Jeroboam, in a way, only encouraged what they already believed. He accelerated their impulses and gave them permission. St. Augustine would say that he led them down the path of disordered loves.

Everything was fine at first, but over time their disordered loves became a sin so corrosive that it led eventually to the destruction of his whole family and the nation itself. What was at first merely an astute accommodation to people became a horror they could not have predicted or imagined.

First, it affects his own family.

“Nadab son of Jeroboam became king of Israel in the second year of Asa king of Judah, and he reigned over Israel two years. He did evil in the eyes of the Lord, following the ways of his father and committing the same sin his father had caused Israel to commit.

Baasha son of Ahijah from the tribe of Issachar plotted against him, and he struck him down at Gibbethon, a Philistine town, while Nadab and all Israel were besieging it. Baasha killed Nadab in the third year of Asa king of Judah and succeeded him as king.

As soon as he began to reign, he killed Jeroboam’s whole family. He did not leave Jeroboam anyone that breathed, but destroyed them all, according to the word of the Lord given through his servant Ahijah the Shilonite. This happened because of the sins Jeroboam had committed and had caused Israel to commit, and because he aroused the anger of the Lord, the God of Israel.”

And then the corruption spread through the whole nation:

“They bowed down to all the starry hosts, and they worshiped Baal. They sacrificed their sons and daughters in the fire. They practiced divination and sorcery and sold themselves to do evil in the eyes of the Lord, provoking him to anger.”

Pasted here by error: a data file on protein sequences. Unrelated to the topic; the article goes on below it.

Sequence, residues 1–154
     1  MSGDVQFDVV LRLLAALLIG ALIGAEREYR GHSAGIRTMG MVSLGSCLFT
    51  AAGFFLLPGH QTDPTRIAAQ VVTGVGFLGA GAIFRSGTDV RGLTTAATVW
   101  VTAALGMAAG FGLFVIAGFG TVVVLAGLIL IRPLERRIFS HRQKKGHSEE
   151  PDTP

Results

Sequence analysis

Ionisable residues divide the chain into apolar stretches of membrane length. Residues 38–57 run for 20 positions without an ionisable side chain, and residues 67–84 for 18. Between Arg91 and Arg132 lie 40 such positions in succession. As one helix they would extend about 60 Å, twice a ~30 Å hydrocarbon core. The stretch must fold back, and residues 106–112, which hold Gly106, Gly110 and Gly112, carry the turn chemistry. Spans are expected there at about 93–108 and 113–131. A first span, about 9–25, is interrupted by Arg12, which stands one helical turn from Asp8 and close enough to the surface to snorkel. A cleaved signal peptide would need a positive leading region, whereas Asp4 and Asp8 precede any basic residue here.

Even the best kings could not alter the effect of what Jeroboam had done. It became a permanent characteristic and practice of the people. It had become so woven into their character that no change in leadership could pull it out without unraveling the whole. I’m reminded of the parable of the wheat and the tares (Matt. 13:24–30). There was no way to separate what the Enemy had sown without uprooting the good, so they both had to grow together until the time came to harvest. Unfortunately, the harvest was the end of the nation. And it all was traced back to the sin of the house of Jeroboam.

Jeroboam’s one astute insight and practical trade-off results years later in the slaughter of his whole house and the fall of Israel. That is what the Bible means when it says there was a sin of the house of a person. It was not just that person alone but that sin became a character trait of generations of his descendants. It became the sin that defined them and, in time, was the seed of their destruction. It is true that, in time, your sin will find you out. But not only you alone and that is the tragedy.

Leaders are answerable to God not only for their own sins but where they lead their followers. The sins of the house become the defining sins of a nation and what was once a great promise is turned into a ruin. What was indivisible became permanently divided, led by corrupt rulers and then wasted. The sin of a house brought about the death of a nation.